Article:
Mark M

type of milk

Hey there,

I was just wondering if whole milk will work with this recipe as I did not see anywhere where it was specified.


Dawn T
Rouxbe Staff

Re: Type of Milk for Making Bechamel

Yes, whole milk, as well as 2% etc. can all be used to make a bechamel. The higher the fat content, the richer (and higher in fat) the sauce will be. Cheers!

Kris S

Beer matching & chili heat vs cayenne

Absolutely best variation on Mac and Cheese I have made. Not only did I practice my sauce, I also made a great comfort meal on a very cold snowy day in Canada. I used a local Amber Ale - Flying Monkeys and we enjoyed that same beer with the meal. I didnt have the pasta recommended so used a really good dried spelt penne and it was delicious. Also didnt have any cayenne on had so used my favorite ingredient dried red chilies and it was quite hot, which works great for me but may deter some. The chili heat with the rich cheese sauce - I used Balderson one year old cheddar-is really fantastic though. There was only two of us, and my partner ate the lions share, but there are no leftovers. Probably not a good thing, but if comfort was the aim (and it was) then all is well in the world. This is the first practice recipe for me from rouxbe, and I have to say you have transformed my lumpy bechamel world into something I now feel in full control of. Who knew with a few pointers it really was that more need to dirty my emursion blender! I am really a chili fan, can you tell me what the difference might be using dried chili vs cayenne in a sauce? I seem to like the chili heat better, but cannot put my finger on why or how to best describe the reason. Would be curious to know what or if there is a difference in how they each perform in a heated sauce.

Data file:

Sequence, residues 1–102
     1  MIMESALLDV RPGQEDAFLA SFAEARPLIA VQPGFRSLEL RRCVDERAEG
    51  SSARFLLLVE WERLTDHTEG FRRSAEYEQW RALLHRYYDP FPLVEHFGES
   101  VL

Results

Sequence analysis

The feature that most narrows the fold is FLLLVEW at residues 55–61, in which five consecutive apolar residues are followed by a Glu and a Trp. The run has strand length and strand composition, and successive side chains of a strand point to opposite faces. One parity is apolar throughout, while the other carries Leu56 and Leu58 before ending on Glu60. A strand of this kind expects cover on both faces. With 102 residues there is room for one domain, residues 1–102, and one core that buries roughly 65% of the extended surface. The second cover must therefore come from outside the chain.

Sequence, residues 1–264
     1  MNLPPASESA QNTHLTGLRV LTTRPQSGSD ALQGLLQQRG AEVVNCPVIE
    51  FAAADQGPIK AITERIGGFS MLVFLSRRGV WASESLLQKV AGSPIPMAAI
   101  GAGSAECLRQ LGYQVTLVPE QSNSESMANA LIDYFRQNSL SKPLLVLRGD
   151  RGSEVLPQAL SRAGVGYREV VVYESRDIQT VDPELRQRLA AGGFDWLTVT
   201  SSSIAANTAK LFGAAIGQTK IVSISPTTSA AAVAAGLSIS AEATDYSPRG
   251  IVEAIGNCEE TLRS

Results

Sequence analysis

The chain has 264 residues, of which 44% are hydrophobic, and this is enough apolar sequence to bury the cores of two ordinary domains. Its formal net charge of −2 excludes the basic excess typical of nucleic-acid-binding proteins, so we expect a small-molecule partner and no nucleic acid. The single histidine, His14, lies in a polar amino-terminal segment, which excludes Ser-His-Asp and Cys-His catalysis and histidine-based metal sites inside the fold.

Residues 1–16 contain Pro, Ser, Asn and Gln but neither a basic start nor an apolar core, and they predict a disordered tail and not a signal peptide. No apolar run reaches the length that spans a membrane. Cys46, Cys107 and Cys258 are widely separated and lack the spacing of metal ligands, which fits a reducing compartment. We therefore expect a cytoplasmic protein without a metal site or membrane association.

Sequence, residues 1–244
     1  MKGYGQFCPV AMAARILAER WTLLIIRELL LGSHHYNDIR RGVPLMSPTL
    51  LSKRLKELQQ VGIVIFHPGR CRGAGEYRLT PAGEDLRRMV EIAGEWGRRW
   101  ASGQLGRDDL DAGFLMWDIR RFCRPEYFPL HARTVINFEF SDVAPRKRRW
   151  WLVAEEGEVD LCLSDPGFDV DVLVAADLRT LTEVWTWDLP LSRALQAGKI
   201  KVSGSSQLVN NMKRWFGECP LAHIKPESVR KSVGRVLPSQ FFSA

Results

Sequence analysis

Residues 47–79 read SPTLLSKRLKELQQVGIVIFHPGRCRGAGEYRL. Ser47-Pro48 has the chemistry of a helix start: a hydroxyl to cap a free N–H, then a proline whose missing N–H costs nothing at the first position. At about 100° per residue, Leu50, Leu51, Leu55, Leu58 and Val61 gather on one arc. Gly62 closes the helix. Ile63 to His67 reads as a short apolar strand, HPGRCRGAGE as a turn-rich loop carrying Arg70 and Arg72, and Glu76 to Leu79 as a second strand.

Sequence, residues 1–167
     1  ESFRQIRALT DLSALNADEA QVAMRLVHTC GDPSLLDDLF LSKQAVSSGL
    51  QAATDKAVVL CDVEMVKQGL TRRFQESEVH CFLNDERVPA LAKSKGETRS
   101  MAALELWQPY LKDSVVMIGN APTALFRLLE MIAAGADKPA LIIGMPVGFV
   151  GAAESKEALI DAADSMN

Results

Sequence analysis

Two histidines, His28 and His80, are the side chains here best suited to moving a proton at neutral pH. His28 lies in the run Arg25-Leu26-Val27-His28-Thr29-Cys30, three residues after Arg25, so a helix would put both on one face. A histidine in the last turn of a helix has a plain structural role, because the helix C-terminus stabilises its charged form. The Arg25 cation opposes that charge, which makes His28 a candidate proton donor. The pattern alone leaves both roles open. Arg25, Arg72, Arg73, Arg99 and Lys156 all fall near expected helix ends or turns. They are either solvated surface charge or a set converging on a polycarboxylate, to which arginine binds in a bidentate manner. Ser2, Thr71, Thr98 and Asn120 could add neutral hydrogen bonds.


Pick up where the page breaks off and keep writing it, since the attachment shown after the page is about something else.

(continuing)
Kimberley S
Rouxbe Staff